Unlike anything that came before it, with its shocking colors and radical spatial distortion, the painting caused an uproar among French audiences when it was first shown in 1906, according to Martha Lucy, associate curator at the Barnes Foundation.
Matisse used a lot of vibrant yellows in the work, also known as The Joy of Life, particularly a warm yellow made from cadmium sulfide. Unfortunately, portions of the painting containing cadmium sulfide are turning, alternately, white or brown, degrading the work, which is part of the Barnes Foundation collection.
University of Delaware Prof. Robert L. Opila is collaborating with Barbara Buckley, head of conservation at the Barnes, and Jennifer Mass, a senior scientist and head of the Scientific Research and Analysis Laboratory at Winterthur, to study the paint’s material microstructure and attempt to determine why the cadmium sulfide is changing color.
“It is a very disheartening phenomenon, considering the painting’s position in history,” says Opila, professor of materials science at UD.
“The work is known to have invigorated fellow artists, especially Pablo Picasso, who, in an effort to outdo Matisse in terms of shock value, immediately began work on his watershed Les Demoiselles D’Avignon,” Lucy says.
Opila’s team is using X-ray Absorption Near Edge spectroscopy (XANES), sharply focused high energy light similar to that used in hard X-rays, to deeply penetrate the microscopic paint chip’s layers and map the material’s chemical composition. The paint chips are tiny, measuring only about a micron, or a millionth of a meter in diameter.
Near edge means “you get wiggles near the absorption edge – where the light is first absorbed,” explains Opila, which tells scientists about the chemical state of the cadmium material and the materials to which it is chemically bound.
Preliminary test results conducted by UD doctoral student Jonathan Church at the European Synchrotron Radiation Facility (ESRF) in Grenoble, France, reveal that the cadmium sulfide is deteriorating to cadmium carbonate, which is white. There is also a consistent presence of chloride in the painting, which, Church suspects, is acting as a catalyst. Additionally, carbon dioxide is reacting with the cadmium and forming cadmium carbonate.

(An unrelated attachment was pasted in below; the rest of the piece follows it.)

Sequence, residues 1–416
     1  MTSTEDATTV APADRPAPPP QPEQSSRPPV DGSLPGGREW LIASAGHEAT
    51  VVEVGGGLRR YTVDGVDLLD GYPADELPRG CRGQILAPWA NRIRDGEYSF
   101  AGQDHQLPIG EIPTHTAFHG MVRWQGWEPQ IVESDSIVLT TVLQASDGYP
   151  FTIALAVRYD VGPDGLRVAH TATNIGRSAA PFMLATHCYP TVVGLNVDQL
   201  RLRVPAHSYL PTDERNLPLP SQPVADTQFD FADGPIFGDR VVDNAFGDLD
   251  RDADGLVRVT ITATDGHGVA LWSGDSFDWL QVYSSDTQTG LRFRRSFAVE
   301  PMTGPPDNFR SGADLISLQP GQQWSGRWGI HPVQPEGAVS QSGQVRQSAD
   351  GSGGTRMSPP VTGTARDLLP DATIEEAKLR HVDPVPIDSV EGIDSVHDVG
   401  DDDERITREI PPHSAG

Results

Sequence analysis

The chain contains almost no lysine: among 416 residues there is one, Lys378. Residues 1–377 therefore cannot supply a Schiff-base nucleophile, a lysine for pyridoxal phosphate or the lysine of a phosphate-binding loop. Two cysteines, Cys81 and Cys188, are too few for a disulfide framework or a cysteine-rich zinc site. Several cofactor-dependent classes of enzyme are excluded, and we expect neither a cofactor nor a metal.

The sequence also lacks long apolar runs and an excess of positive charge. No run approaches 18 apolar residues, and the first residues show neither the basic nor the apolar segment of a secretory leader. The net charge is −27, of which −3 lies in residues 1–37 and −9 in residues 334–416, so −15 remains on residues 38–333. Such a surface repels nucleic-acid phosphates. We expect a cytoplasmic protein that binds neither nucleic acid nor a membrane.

“It looks like the presence of chloride is important,” says Church.
While Opila and his research team are not yet sure where the sulfide is going; they theorize that the binder, a drying oil like linseed oil, may be turning brown.
The challenge now involves analyzing the data and developing methods to prevent further degradation of the painting. The Barnes will use this information to determine what kind of light exposure and humidity is advisable, and whether other measures, such as dimming shields, are needed to protect the work.
“The scientific studies being undertaken will contribute significantly to the preservation of the painting and to our understanding of the change that has taken place to the visual appearance of the painting,” says Buckley.
Another question is whether science can convert the white and brown materials back to their original yellow form as cadmium sulfide. Opila believes it’s unlikely, and says it may even be unadvisable to attempt.
“There is huge philosophy at play here because if you have a work of art that degrades over time – is the work of art the original piece or the time-integrated work of art,” Opila remarks, then continues, “We may want to slow the rate of change, but I’m not sure we’d want to change it back, even if we could.”
Discoveries made in this project may someday impact other post-impressionist and early modern works.
“Van Gogh’s paintings also feature a large amount of cadmium sulfide-based yellow,” Opila says.